That said, my heart is not feint. ;-)

Okay, I got the 12 gpm by filling a bucket at a hose bib.

The city's water meter is a 1". I have seen, but will need to verify, that the city maintains 60 psi to the meter.

I am now seeing that, supposing I understand this correctly, I will have to use 1" trunks which will supply 3/4" laterals with no more than 2 of the Rainbird 5000's on each 3/4" line. It looks also like max spacing, assuming a 40' throw, will be 48', which allows throw overlap for the last 40% of throw distance.

The RB 5000 is showing that at 55 psi, with nozzle 3, I will get a 40' throw with a flow of 3.47 gpm. Since my whole supply is 12 gpm, it seems 2 heads is the max I'd want to run at a time, right? (I assume I don't want to use my max available, or a clothes washer or dishwasher or shower will be starved).

I also saw, where if I set up these heads in a square pattern, I will have some drier spots - even if the heads were laid at head-to-head distance. It was suggested the triangular pattern will allow for greater spacing, and the math was shown to prove this, which I completely understand.

So, the dimensions of the back yard approximate 150 x 240, and the front yard dimensions are about the same. My calculations tell me that I will have, for the back yard, 5 heads wide by 3 heads deep, for a total of 15 heads to serve the back yard. Same for the front.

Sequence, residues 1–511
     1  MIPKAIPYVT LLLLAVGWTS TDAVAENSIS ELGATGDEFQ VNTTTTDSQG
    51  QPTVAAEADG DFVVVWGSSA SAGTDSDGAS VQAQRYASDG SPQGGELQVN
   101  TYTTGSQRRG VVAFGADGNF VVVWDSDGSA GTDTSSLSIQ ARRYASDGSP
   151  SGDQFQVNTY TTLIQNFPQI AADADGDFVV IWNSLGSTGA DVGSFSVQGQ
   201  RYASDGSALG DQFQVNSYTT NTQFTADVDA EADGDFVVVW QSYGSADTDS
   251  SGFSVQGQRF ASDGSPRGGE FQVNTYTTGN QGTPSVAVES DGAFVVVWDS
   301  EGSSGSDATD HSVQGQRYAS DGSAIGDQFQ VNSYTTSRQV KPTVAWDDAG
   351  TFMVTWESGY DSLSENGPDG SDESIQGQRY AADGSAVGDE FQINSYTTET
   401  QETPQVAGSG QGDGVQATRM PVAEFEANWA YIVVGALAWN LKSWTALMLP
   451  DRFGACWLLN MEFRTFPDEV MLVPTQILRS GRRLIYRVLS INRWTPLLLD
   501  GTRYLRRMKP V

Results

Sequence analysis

Now, if I'm getting only 2 RB 5000's per zone (max), that leaves me 15 zones. That's a lot of zones!

Do you guys agree with my math?

Sunday, April 17th 2011, 9:57am

by Wet_Boots

For two acres, it happens that 12 gpm can be spreading it very thin. You would want to use larger pipe diameter for any mainline or lateral that has to run over 100 feet

Sunday, April 17th 2011, 9:56am

by Mitchgo

2 acres is huge for someone who doesn't really know what they are doing... I like your optimism though

Honestly I think you should get a company in to design the system for you.. Since there not making any money on the install it would probably cost $200-300 but worth it... It would be a shame for you to go spend $2500+ in parts alone and design the whole thing entirely wrong

How did you get that flow rate? A hose bib off the side of the house?

I would consider tapping into your meter and getting a proper flow rate there, using a minimum 1 1/4 Main line to reduce psi loss , using low precip nozzles to maximize the length of the zone ( this means longer run time), and possibly a booster pump .

Sunday, April 17th 2011, 1:16am

by JeffM

On a side question as well, let's say I get 3.47 gpm for each head.

If, for example, I set one of the heads to cover a half-circle, while others in same zone cover full circle, will the flow rate of the half-circle be reduced to half, or will it deliver twice the water in the same amount of time to the area it targets?

Edit: Just saw that you can switch to a different plastic nozzle to achieve different flow rates. So, I think I have this part answered.

Sunday, April 17th 2011, 1:10am

by JeffM

City